Dopamine D2 and adenosine A2A receptors regulate NMDA-mediated excitation in accumbens neurons through A2A-D 2 receptor heteromerization

Karima Azdad, David Gall, Amina S. Woods, Catherine Ledent, Sergi Ferré, Serge N. Schiffmann

Research output: Contribution to journalArticlepeer-review

143 Scopus citations


Bursting activity of striatal medium spiny neurons results from membrane potential oscillations between a down- and an upstate that could be regulated by G-protein-coupled receptors. Among these, dopamine D2 and adenosine A2A receptors are highly enriched in striatal neurons and exhibit strong interactions whose physiological significance and molecular mechanisms remain partially unclear. More particularly, respective involvements of common intracellular signaling cascades and A2A-D2 receptor heteromerization remain unknown. Here we show, by performing perforated-patch-clamp recordings on brain slices and loading competitive peptides, that D2 and A2A receptors regulate the induction by N-methyl-D-aspartate of a depolarized membrane potential plateau through mechanisms relying upon specific protein-protein interactions. Indeed, D 2 receptor activation abolished transitions between a hyperpolarized resting potential and a depolarized plateau potential by regulating the Ca V1.3a calcium channel activity through interactions with scaffold proteins Shank1/3. Noticeably, A2A receptor activation had no effect per se but fully reversed the effects of D2 receptor activation through a mechanism in which A2A-D2 receptors heteromerization is strictly mandatory, demonstrating therefore a first direct physiological relevance of these heteromers. Our results show that membrane potential transitions and firing patterns in striatal neurons are tightly controlled by D2 and A2A receptors through specific protein-protein interactions including A2A-D2 receptors heteromerization.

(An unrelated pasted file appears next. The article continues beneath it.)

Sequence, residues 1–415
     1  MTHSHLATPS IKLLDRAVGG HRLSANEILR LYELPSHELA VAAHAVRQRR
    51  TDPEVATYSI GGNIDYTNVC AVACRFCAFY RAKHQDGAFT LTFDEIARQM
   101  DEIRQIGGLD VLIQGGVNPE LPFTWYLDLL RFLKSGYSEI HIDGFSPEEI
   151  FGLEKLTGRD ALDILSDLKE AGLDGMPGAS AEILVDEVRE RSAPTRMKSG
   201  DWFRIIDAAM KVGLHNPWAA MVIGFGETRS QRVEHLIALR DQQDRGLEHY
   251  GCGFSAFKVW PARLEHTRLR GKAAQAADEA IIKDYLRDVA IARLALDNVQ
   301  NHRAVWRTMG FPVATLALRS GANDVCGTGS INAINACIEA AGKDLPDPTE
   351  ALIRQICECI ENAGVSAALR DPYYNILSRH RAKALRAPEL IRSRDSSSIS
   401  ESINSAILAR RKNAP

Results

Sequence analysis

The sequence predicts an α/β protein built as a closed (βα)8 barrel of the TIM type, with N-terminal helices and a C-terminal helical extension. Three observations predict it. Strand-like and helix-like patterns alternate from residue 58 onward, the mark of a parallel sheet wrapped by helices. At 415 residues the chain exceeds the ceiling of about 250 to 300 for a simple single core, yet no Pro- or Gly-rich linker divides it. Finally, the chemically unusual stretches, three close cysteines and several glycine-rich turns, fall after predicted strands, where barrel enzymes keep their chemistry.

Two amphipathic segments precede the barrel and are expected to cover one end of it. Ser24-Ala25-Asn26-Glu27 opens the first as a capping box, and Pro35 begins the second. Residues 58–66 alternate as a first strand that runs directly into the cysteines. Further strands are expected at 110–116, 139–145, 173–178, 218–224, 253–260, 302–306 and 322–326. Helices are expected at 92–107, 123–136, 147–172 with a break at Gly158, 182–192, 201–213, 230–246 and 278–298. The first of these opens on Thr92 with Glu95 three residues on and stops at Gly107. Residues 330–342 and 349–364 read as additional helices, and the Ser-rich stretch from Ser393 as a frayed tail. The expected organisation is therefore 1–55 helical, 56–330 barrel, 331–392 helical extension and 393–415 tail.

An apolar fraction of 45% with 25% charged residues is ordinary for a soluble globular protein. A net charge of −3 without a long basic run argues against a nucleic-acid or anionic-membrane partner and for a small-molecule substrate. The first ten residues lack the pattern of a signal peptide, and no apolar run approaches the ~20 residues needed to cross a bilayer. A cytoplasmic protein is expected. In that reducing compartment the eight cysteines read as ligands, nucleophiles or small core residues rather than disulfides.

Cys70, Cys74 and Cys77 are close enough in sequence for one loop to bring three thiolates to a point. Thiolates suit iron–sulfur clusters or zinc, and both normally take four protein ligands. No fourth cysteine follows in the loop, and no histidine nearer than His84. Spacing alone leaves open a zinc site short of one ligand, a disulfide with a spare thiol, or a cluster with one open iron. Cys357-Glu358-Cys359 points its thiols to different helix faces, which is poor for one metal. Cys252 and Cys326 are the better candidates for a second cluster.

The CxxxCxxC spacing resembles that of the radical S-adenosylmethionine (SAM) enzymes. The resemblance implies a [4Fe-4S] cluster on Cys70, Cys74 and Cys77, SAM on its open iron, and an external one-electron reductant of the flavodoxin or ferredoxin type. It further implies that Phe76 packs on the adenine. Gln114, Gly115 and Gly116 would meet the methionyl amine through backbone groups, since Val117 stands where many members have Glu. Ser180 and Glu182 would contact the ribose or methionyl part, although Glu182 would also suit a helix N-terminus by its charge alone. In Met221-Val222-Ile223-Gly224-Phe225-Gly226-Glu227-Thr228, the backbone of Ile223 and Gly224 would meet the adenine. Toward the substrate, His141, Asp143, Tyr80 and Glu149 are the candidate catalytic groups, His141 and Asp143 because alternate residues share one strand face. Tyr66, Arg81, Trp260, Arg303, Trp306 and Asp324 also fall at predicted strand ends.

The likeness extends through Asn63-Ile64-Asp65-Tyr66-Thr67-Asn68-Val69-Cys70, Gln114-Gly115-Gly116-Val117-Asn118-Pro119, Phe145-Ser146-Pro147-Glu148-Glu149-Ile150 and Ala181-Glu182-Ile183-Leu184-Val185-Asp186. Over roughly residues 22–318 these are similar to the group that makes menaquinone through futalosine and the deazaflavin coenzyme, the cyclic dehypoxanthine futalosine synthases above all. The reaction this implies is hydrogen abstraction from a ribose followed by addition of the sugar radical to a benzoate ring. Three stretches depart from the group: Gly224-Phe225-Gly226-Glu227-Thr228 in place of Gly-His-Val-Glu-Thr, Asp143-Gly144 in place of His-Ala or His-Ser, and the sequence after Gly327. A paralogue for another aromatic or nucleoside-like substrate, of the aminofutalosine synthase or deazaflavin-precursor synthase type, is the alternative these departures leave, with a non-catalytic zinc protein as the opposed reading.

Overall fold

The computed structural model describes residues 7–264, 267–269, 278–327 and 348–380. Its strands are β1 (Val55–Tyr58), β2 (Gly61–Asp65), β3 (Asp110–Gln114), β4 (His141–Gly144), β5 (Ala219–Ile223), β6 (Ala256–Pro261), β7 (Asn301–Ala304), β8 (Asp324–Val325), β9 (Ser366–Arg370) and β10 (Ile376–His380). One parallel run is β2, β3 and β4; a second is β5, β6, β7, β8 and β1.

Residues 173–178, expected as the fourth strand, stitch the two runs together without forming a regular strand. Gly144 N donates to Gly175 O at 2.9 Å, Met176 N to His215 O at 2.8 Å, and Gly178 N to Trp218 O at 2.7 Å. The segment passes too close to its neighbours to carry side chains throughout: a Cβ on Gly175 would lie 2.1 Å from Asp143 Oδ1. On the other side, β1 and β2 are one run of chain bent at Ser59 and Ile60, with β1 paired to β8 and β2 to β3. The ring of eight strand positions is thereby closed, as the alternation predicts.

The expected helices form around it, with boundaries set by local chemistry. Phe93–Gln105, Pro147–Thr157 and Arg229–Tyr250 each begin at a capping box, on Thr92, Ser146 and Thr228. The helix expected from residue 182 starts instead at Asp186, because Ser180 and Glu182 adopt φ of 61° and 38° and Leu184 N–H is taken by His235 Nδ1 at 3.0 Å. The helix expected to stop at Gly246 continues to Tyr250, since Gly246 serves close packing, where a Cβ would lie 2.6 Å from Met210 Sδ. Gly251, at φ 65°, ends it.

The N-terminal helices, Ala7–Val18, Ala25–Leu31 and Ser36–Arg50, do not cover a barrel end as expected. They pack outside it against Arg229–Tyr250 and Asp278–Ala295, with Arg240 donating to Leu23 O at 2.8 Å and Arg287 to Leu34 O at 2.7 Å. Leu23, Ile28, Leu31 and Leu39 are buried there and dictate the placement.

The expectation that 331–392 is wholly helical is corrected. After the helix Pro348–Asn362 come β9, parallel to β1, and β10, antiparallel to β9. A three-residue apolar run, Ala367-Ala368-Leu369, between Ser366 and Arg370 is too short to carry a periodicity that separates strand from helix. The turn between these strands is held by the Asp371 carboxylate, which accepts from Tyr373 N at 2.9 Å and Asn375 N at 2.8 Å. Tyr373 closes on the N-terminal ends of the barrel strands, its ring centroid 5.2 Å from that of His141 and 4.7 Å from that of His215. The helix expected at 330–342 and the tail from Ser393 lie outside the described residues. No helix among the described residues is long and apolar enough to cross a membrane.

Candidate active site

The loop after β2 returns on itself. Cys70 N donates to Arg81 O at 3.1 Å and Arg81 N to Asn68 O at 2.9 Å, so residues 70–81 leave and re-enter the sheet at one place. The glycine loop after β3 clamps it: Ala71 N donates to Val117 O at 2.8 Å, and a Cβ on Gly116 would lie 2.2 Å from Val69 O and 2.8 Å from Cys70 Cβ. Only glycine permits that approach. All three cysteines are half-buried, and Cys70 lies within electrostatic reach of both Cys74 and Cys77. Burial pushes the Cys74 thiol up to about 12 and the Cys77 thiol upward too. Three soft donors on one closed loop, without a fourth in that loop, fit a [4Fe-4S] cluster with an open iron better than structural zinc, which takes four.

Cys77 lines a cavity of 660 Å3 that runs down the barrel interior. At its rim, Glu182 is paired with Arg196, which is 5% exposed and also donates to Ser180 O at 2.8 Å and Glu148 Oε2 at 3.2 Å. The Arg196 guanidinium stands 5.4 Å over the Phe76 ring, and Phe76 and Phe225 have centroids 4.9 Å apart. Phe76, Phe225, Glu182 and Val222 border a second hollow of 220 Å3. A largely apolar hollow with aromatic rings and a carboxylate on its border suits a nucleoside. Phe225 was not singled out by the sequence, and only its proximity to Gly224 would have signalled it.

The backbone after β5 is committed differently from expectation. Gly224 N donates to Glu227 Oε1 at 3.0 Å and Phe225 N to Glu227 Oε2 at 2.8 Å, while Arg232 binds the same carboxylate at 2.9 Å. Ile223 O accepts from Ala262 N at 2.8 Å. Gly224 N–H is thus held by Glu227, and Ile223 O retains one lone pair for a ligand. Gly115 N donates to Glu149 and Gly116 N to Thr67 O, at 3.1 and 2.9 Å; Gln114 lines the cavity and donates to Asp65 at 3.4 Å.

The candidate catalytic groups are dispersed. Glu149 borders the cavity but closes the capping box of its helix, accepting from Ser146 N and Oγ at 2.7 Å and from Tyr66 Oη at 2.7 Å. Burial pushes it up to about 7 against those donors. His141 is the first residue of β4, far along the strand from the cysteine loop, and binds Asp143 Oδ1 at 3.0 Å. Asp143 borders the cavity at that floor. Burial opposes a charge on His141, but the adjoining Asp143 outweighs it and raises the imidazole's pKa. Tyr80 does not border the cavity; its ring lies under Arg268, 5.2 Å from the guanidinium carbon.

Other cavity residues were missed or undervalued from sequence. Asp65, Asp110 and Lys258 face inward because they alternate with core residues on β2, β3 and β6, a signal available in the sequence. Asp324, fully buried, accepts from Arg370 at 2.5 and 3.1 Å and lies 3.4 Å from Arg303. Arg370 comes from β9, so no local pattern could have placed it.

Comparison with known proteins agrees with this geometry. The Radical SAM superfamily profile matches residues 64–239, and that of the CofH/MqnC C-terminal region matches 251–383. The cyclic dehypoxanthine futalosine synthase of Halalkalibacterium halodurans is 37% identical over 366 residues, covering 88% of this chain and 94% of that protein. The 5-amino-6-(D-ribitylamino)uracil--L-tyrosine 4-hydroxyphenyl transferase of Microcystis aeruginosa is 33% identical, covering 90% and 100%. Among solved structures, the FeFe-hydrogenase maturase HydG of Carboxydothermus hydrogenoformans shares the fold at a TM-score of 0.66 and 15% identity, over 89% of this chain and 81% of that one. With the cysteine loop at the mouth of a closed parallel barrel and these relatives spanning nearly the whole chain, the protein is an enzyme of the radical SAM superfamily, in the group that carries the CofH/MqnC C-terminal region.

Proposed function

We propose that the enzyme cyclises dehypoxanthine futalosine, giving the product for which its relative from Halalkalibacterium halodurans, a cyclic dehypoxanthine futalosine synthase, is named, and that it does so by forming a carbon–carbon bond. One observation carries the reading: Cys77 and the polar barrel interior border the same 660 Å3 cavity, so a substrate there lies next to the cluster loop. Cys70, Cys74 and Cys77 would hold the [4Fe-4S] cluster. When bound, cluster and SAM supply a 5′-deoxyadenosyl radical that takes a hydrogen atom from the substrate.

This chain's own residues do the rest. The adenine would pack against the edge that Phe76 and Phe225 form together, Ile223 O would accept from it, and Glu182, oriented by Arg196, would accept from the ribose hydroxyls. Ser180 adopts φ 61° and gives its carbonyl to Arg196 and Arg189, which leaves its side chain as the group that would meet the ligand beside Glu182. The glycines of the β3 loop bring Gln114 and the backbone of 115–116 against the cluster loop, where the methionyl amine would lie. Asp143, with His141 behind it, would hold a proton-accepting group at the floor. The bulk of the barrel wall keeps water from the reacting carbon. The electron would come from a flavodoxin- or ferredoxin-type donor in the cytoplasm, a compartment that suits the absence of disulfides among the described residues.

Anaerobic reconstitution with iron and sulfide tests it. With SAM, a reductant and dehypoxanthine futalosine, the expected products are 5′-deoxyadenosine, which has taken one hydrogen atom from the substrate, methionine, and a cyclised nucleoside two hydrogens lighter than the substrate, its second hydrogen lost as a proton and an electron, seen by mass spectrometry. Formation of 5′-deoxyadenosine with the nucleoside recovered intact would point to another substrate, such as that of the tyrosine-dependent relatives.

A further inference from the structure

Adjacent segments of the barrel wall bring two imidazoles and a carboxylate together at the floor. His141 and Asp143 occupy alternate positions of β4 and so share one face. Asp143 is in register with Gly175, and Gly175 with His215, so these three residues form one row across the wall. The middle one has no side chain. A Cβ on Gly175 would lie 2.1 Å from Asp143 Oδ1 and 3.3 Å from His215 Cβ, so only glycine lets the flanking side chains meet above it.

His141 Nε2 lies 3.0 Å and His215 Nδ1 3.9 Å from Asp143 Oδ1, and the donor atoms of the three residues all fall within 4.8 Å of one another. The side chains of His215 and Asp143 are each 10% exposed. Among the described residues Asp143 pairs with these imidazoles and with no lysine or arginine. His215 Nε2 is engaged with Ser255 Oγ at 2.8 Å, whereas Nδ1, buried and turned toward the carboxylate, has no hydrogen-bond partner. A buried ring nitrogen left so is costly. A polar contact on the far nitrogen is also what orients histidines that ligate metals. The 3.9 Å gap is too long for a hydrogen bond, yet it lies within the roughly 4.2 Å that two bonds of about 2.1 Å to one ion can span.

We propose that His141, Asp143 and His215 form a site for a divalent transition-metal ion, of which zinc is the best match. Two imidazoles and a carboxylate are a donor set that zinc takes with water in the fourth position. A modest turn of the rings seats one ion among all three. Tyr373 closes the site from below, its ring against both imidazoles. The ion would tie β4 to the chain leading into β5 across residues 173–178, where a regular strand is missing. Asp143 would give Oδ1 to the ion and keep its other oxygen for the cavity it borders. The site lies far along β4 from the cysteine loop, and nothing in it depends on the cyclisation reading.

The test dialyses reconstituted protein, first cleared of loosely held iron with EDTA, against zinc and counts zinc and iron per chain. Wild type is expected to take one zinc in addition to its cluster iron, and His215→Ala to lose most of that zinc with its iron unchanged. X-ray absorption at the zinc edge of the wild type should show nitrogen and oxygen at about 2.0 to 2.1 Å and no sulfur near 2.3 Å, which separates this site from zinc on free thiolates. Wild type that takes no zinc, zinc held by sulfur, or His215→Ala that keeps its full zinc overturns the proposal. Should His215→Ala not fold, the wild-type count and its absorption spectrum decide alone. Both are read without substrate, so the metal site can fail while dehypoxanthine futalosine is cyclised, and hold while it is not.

Original languageEnglish (US)
Pages (from-to)972-986
Number of pages15
Issue number4
StatePublished - Mar 2009
Externally publishedYes


  • Basal ganglia
  • Calcium channel
  • G-protein-coupled receptor
  • Heteromerization
  • Membrane potential oscillation

ASJC Scopus subject areas

  • Pharmacology
  • Psychiatry and Mental health
  • General Medicine


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